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Re: Personal Perspectives [was crocodylians, amphibians ... (was Sarcosuchus)]
<Crudely put, Linneaeus looked to Aristotle and archetypes and stability and
divine creations; Darwin hearkened to Thales and subtle mutabilities and
instabilities and dynamic changes. Both gave us universal tools for
descriptions of natural processes and products. It is up to us to determine
and agree upon (or not) how to use these various approaches in describing
the universe we perceive around us and within which we exist.>
Linnaeus did look to Aristotle, but not for archetypes:
Basics on Plato and Aristotle
2 realms of existence
1) Noumenal - purely intellectual, fixed and permanent. Where the archetypes
are. (archetype - original pattern of something on which all others in same
species are based). Only the philosophers can see the world of the noumenal.
They only can see the actual "truth"...
2) Phenomenal - what the rest of us see. The world of the senses. The world
of change that we live in. All we see are imitations of archetypes.
Was a student of Plato.
Ended up with almost opposite ideas and methodology
Some of his basic ideas:
Rather than basing ideas of truth on theories seen only by philosophers,
Aristotle found truth in empirical facts - what he could determine with his
2 realms of existence:
1) particulars - individual instance of a category
2) universals - what all the particulars have in common
He asked what was 'essential' to each category. Essentialism. Those are the
universals. But no single particular is identical to the universal, so we
never really see the universal, only its essentials.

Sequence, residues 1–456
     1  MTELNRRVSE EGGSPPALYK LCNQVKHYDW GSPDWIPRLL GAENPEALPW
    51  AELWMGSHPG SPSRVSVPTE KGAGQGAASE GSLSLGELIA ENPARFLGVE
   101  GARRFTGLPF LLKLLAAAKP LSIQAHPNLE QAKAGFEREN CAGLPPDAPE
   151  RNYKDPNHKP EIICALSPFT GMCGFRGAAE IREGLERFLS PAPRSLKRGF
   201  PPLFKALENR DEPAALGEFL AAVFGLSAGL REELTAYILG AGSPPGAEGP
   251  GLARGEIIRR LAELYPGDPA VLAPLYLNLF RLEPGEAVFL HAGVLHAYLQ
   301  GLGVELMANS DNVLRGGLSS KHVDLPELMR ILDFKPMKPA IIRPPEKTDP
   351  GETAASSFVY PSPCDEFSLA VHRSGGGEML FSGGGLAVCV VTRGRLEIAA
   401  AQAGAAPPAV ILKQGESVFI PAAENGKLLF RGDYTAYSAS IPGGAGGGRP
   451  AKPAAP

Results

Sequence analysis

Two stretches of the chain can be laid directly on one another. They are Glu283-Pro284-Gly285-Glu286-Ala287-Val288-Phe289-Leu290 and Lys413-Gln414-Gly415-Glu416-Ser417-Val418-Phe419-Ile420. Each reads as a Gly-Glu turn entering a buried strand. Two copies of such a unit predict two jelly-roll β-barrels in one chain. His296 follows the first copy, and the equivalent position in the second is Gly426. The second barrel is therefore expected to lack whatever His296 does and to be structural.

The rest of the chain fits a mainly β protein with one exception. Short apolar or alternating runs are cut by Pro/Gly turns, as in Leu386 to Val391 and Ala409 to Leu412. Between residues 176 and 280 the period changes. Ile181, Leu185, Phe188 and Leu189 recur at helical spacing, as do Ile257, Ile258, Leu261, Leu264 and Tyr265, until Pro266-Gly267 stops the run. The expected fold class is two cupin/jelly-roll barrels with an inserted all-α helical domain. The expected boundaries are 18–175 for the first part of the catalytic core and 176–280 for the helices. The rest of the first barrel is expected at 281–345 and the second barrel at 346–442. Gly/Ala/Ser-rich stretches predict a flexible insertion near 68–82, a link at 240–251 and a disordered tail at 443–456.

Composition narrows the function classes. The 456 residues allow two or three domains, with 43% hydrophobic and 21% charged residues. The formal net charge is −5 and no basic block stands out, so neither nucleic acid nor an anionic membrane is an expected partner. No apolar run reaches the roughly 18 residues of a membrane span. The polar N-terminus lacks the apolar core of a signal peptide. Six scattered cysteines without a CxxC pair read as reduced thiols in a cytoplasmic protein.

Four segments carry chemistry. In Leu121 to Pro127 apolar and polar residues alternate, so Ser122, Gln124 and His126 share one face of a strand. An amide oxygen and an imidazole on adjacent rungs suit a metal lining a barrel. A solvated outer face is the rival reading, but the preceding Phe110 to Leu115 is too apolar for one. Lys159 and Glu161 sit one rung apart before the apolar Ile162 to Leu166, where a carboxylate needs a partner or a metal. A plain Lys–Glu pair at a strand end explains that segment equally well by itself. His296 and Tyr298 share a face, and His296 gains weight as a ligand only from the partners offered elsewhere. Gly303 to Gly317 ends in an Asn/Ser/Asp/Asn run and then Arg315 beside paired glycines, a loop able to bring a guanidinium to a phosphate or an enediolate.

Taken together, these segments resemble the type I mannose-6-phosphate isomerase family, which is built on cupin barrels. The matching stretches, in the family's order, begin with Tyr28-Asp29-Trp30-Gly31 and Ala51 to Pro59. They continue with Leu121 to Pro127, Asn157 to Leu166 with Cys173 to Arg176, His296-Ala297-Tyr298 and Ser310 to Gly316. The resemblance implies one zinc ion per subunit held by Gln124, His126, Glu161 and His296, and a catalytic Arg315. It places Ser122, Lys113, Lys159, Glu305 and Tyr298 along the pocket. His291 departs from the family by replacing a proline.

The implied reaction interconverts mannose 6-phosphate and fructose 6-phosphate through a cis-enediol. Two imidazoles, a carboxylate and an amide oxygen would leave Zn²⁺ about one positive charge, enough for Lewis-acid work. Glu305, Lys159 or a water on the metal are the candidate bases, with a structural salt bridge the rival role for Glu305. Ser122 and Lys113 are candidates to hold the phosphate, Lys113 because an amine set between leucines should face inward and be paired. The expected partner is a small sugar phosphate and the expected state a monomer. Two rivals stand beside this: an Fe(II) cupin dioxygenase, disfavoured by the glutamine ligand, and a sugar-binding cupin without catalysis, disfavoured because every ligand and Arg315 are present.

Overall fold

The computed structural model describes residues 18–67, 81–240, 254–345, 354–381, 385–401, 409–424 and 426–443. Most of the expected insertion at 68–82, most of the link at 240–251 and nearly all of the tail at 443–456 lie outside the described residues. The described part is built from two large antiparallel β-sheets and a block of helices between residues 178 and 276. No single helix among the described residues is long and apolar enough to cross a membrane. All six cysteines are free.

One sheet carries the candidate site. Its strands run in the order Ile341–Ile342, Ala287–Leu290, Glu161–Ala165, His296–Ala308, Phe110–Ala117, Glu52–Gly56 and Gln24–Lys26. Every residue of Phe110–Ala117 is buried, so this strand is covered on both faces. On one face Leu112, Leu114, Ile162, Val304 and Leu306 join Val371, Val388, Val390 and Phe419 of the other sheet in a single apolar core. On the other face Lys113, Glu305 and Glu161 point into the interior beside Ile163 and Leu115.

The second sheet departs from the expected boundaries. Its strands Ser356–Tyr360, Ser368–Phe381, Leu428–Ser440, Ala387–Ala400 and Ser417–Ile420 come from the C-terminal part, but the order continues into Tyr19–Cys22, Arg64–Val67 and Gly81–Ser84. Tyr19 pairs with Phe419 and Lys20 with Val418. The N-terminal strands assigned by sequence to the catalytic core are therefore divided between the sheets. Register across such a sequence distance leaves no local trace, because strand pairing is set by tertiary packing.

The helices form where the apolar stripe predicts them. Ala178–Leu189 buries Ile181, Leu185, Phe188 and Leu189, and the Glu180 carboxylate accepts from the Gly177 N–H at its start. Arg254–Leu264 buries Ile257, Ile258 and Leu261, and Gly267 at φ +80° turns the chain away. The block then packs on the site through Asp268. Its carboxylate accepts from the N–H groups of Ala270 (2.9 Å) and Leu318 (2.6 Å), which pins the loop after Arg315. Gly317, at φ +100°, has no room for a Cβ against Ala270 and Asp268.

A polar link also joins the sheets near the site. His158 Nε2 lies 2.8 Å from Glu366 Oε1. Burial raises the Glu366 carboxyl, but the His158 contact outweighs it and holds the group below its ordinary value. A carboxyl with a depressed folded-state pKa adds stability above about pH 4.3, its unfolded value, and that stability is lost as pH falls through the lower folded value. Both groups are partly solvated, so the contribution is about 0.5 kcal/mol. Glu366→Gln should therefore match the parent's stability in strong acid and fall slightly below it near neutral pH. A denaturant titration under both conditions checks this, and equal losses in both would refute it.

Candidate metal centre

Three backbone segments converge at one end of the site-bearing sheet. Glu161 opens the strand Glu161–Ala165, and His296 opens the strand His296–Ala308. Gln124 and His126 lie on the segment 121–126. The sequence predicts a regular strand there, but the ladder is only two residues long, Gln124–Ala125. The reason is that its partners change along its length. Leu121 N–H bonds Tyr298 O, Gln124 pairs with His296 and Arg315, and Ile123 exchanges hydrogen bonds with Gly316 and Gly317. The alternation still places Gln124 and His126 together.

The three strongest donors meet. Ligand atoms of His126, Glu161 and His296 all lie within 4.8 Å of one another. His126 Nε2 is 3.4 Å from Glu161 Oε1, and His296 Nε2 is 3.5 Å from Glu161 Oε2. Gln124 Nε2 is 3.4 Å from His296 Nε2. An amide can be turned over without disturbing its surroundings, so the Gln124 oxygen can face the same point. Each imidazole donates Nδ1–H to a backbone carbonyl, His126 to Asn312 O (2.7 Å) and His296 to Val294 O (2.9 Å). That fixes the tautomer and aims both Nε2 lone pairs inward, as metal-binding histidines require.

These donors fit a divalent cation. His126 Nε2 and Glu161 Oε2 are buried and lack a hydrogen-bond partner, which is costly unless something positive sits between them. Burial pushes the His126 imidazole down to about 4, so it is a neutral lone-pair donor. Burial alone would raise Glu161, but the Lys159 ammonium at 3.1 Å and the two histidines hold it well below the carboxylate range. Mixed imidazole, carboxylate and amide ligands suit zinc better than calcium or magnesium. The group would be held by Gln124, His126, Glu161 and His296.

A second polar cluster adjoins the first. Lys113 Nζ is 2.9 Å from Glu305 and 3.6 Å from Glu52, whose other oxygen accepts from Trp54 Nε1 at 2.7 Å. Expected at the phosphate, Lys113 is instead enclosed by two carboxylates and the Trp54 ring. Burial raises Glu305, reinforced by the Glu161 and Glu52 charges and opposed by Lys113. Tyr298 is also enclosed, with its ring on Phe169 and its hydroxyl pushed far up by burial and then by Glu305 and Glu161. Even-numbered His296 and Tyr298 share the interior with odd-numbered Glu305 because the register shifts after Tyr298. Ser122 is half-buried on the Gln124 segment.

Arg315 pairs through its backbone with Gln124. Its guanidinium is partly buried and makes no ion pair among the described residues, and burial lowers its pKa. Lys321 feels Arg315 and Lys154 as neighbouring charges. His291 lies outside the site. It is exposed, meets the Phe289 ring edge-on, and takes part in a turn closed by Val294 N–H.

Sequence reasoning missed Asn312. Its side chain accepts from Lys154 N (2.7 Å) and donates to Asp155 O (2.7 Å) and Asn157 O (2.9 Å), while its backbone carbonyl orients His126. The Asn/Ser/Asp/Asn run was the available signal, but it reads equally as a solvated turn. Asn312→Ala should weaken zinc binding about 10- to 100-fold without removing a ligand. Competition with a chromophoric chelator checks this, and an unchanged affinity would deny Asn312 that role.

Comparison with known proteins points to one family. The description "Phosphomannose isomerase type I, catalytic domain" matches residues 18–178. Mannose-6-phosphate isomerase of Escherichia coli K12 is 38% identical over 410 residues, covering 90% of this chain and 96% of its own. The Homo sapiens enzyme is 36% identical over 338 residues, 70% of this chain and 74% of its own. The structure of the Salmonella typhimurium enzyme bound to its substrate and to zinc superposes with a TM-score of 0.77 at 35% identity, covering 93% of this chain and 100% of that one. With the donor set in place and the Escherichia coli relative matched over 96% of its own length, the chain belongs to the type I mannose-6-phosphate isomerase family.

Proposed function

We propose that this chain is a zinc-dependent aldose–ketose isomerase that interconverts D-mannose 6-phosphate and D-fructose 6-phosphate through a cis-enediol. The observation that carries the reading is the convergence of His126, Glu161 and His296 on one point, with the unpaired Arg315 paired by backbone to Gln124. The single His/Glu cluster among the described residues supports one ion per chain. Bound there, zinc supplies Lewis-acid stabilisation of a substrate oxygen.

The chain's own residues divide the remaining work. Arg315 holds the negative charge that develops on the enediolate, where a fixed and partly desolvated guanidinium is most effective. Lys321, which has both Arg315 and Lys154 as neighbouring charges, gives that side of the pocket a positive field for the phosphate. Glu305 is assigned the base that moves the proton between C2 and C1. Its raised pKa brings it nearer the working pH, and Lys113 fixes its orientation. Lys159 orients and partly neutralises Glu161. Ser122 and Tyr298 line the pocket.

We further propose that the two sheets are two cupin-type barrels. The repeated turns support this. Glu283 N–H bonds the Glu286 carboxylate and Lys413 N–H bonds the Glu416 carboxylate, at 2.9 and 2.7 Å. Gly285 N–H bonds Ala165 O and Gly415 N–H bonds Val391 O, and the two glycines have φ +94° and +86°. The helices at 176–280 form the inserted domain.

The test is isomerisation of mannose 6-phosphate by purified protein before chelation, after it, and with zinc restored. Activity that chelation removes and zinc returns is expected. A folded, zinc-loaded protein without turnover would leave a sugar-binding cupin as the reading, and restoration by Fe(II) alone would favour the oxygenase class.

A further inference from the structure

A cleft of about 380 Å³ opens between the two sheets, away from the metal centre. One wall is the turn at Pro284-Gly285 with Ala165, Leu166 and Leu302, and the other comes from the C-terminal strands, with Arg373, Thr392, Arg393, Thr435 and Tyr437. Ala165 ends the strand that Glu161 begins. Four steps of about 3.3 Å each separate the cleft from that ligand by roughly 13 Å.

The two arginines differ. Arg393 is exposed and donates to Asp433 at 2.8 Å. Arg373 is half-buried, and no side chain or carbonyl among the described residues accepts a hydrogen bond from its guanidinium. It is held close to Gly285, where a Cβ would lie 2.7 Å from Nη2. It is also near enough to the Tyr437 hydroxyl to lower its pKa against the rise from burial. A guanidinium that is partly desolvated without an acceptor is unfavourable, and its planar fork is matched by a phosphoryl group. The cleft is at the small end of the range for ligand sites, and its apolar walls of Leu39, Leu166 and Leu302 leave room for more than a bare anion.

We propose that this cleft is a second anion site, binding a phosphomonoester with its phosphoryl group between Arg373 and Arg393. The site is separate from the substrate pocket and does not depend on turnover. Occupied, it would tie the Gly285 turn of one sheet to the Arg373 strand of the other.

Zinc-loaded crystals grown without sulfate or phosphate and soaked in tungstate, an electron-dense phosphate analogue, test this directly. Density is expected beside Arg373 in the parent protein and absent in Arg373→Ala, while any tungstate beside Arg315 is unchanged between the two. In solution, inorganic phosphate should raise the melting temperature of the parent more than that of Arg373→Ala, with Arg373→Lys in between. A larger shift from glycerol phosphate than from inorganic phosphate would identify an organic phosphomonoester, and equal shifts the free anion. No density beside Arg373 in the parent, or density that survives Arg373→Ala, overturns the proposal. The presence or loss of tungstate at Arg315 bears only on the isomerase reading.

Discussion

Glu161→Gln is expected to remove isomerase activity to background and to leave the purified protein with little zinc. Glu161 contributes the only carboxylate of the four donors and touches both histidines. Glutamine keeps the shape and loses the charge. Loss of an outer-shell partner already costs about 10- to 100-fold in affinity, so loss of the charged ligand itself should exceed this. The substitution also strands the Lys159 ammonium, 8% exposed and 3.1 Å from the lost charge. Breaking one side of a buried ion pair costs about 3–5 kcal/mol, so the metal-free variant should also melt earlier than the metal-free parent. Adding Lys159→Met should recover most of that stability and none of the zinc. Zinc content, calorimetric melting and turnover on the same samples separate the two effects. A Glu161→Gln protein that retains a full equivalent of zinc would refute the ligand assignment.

Form follows function:
universals are based on things you can observe rather than on things you
have to take on faith. That's pretty much the opposite of Plato.
The first time I ran into archetypes in biology, as opposed to philosophy or
psychology (Jung), was as a basic body plan.
Linnaeus is based on description. Look at a bird. It is substantially
different from a reptile (snakes, lizards, etc.). Therefore we will give it
a name to distinguish the bird from the reptile.
The problem is what to do with intermediates, where two essentials are
mixed. One is to ignore them in setting the general classification and
worry about them as difficult particulars. The other is to make them the
basis for the classification scheme, the splitting point.
I have a lot easier time with the first approach than the second
conceptually, particularly since Linnaeus is based on what I can see rather
than what I can infer.
Please don't insist that Linnaeus can be rejected because of an inherent a
static divine creation inherent concept; Linnaeus is based on results, not
causes, observation, not belief.
In that sense, maybe you could even say that a Linnaean approach is more